3. What expectations do you have of the 2012-13 draft budget proposals? What

spending commitments and priorities would you like to see in the 2012-13

draft budget proposals?


In the current economic climate we believe there needs to be a strong focus on preventative spending.  The Supporting People programme has shown that it saves more in other areas of public spend than it costs, saving between £1.68 and £2 for every £1 spent[4].  Not only is it morally right to support our most vulnerable citizens through the difficult times ahead, it is cost-effective to do so.


In addition it costs more to combat homelessness once it has occurred than to invest in prevention.  When a household is found to be in priority need, then the local authority is faced with considerable costs in terms of temporary accommodation and rehousing.  Heriot-Watt research from 2007 found that the cost to the public purse of providing temporary accommodation and the re-housing afterwards amounts to £5,300 per case per year.[5]  With significant cuts to legal aid affecting advice services in Wales and with the likelihood that homelessness will grow, the need to invest in prevention is even more urgent.  That means investment in independent housing advice, mortgage rescue, and other spend to save initiatives.  Research by Citizens Advice[6] has demonstrated that for every £1 of expenditure on housing advice, the state potentially saves £2.34.


Research has shown that housing investment can result in considerable health-related cost savings.  For example, a recent report by Shelter Cymru and the BRE Trust[7] estimated that the most serious health and safety hazards in the home cost the NHS in Wales £67 million a year in treatment costs alone.  The report found that 20 per cent of homes with the most serious health hazards could be made acceptable for less than £520, and half for less than £1,600.


Furthermore, many of the outcomes achieved by the SP programme are felt in health and wellbeing and community safety, although the funding for the programme comes from housing.  The WG budgets need to reflect this relationship and capitalise on the wider spend-to-save impacts of housing investment.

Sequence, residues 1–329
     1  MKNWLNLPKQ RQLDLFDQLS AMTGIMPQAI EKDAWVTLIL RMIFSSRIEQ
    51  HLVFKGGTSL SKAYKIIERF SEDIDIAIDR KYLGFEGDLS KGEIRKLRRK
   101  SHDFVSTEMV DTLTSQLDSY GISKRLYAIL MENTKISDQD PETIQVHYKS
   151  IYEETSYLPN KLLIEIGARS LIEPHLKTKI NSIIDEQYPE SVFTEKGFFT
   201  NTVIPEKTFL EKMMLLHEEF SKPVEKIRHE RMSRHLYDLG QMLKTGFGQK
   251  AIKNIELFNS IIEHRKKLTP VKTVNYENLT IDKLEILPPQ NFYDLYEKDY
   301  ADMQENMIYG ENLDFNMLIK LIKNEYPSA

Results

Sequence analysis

4. The new Welsh Government has not yet published a programme of

government. However, the Welsh Government has emphasised that it is

seeking to deliver an outcomes-based approach, with the First Minister

declaring that “delivery will be the watchword of the next Welsh Labour

government."2 What – if any – outcomes do you believe the Welsh Government should be trying to achieve with its 2012-13 draft budget?


Please see response to question 1 and 2 – the outcomes should be promoting economic growth and meeting the human cost of economic difficulties exacerbated by the welfare changes.



5. Can you suggest any elements that should be in the 2012-13 draft budget

proposals to support more effective collaborative working?

As intimated in our response to question 3, many of the outcomes achieved by housing spend are felt in other areas.  We would support funding programmes that brought housing and related funding streams together with other areas of public spend such as health.  For example, the current s64 health funding was divided into separate categories such as older people, learning disabilities, mental health etc.  By doing this the WG to an extent limits joint working and undermines the ability of organisations to meet a broader range of needs.


We would support the implementation of more funding programmes that support meeting the basic human needs of a broader range of individuals or bring together a range of specialist organisations to meet multiple needs: for example, programmes that bring together housing, homelessness, mental health and drug/alcohol services across statutory and third sector organisations.  Also the Equality Act 2010 protects people across nine protected characteristics (Disability, Sex [gender], Gender Reassignment [gender identity of transgender], Pregnancy and Maternity, Race, Religion or Belief, Sexual Orientation, Age, and Marriage and Civil Partnership) in the recognition that individuals may experience multiple types of disadvantage which need to be addressed across sectors.  Pooled resources would encourage much more effective joint working to produce shared outcomes.



For more information please contact Jennie Bibbings, Policy Manager, Shelter Cymru

02920 556908


15 September 2011


[2] Welsh Assembly Government (2010) Housing Need and Demand in Wales 2006 to 2026

[3] CIH Cymru and Shelter Cymru (June 2009) Empty Properties: making the most of the existing stock

[4] Supporting People Programme in Wales: Final Report (2010)

[5] Demonstrating the Cost-Effectiveness of Preventing Homelessness July 2010

[6] Citizens Advice (July 2010) Towards a business case for legal aid

[7] BRE Trust and Shelter Cymru (2011) The Cost of Poor Housing in Wales